What we got instead was a hat trick by T.J. Oshie that was completed with a game-winning goal that made it past the line by such a narrow margin that it warranted a video review:

This game also featured a sequence of three goals in 90 seconds and yet also some great saves by goaltenders Braden Holtby and Matt Murray. At the other end of the spectrum, there was a controversial hit by Tom Wilson that might lead to a suspension.

There was even some odd stuff. Like how Jay Beagle got a stick stuck in his equipment.

Twice:

If this game sets the tone for the rest of the series, then we should be in for a closely contested, highlight filled affair.

NOTES:

Nick Bonino had a goal and an assist for the Penguins. Evgeni Malkin and Ben Lovejoy accounted for the Penguins’ other markers.

— Capitals forward Andre Burakovsky scored the game’s opening goal. It was his first marker of the 2016 playoffs.

— Washington outshot Pittsburgh 15-9 in the first period, but Pittsburgh ended up with a 45-35 edge.

— This is the first time in the 2016 playoffs that Braden Holtby has allowed more than two goals. He surrendered just five goals in six games to Philadelphia.

— Matt Murray suffered his first career postseason loss after winning three straight contests against the New York Rangers.

Video: Wilson delivers late, knee-on-knee hit to Sheary

Wilson hit
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Tom Wilson has already found himself in a controversy for delivering a late, knee-on-knee hit to Penguins forward Conor Sheary in the third period of Game 1 Thursday night.

You can see that incident below:

Wilson spent two minutes in the sin bin earlier in the contest for crosschecking Evgeni Malkin, but there was no penalty on this play.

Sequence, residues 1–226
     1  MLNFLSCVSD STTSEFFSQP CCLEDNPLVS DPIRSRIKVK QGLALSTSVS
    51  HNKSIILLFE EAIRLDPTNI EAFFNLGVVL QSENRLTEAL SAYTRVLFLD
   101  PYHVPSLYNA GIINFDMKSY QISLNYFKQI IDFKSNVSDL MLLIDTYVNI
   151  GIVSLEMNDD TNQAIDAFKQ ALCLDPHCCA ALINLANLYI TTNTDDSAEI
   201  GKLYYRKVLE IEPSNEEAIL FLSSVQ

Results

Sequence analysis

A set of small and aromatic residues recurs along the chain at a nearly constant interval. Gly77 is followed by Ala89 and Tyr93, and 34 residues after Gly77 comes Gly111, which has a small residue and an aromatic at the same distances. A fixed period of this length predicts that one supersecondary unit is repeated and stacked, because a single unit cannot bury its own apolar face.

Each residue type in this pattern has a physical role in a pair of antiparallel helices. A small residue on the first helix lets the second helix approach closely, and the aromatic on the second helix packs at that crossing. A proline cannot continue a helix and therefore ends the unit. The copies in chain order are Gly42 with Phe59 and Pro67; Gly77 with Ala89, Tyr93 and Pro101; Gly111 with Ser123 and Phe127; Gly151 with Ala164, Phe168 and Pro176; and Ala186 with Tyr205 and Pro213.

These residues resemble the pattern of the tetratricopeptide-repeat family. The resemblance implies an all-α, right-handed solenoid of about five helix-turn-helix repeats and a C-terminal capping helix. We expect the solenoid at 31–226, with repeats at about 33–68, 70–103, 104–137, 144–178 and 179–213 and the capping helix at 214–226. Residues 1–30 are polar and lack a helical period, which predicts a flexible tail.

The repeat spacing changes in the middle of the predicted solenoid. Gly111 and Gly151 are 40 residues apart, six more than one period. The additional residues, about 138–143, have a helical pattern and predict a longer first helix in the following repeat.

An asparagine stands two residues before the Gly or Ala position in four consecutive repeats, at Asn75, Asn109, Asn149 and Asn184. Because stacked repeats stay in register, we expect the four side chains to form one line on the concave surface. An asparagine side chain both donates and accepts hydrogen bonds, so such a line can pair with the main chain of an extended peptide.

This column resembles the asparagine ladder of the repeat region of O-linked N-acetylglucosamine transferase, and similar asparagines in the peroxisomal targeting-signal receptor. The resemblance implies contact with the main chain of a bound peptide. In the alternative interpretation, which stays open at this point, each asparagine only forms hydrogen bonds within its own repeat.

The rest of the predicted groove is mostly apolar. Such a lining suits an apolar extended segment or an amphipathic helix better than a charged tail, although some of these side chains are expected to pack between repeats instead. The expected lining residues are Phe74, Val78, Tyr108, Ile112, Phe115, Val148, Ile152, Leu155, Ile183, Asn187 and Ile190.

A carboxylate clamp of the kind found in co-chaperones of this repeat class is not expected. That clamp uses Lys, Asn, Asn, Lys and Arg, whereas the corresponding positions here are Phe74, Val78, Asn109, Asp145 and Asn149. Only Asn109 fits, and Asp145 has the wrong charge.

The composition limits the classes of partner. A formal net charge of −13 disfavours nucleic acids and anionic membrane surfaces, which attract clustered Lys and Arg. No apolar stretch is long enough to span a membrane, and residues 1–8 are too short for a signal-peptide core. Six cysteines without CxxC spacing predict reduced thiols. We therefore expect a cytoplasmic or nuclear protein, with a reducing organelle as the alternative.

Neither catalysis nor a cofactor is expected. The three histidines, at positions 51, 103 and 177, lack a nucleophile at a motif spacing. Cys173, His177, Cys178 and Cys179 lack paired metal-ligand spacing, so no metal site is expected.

Fortunately Conor Sheary was able to stay in the game. The question now is if Wilson’s actions will lead to him being suspended prior to Game 2.

This isn’t Wilson’s first brush with controversy. He delivered a big hit to Brayden Schenn in 2013, but Wilson wasn’t suspended for that incident. Lubomir Visnovsky’s final campaign was cut short due to a check by Wilson that angered the New York Islanders. More recently, Nikita Zadorov was concussed by a crushing blow from the Capitals forward.

In 231 career regular season games, Wilson has 50 points and 486 penalty minutes.

Related: Wilson says ‘I’ve never been a dirty hitter’ after teams voice complaints

Video: Penguins, Caps combine for three goals in 90 seconds

Oshie goal
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For the first 30 minutes of Game 1 between Pittsburgh and Washington it looked like goaltenders Matt Murray and Braden Holtby might outshine these star-studded offenses. Then the floodgates opened up, if only for a moment.

Washington already had a 1-0 lead going into the second frame courtesy of Andre Burakovsky‘s first marker of the 2016 playoffs, but Ben Lovejoy and Evgeni Malkin scored back-to-back goals within the span of 57 seconds midway through the second period to tilt the scale in Pittsburgh’s favor. That lead didn’t last for long though as Capitals forward T.J. Oshie got a breakaway opportunity and took full advantage of it.

In total, there were three goals scored in the span of just 90 seconds and you can see all of them below:

After that sequence, the 2-2 tie held for the remainder of the frame. However, Oshie was able to reassert Washington’s edge just 3:23 minutes into the third period.

Video: Beagle gets stick stuck in visor

Beagle
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Through 40 minutes of action in Game 1 of the second round series between Pittsburgh and Washington and we’ve already seen some big moments, along with a pretty unusual one.

Beagle ended up with a stick lodged into his visor towards the end of the second frame. He tried to get it out himself, but ended up having to go to the bench for assistance. You can see that below: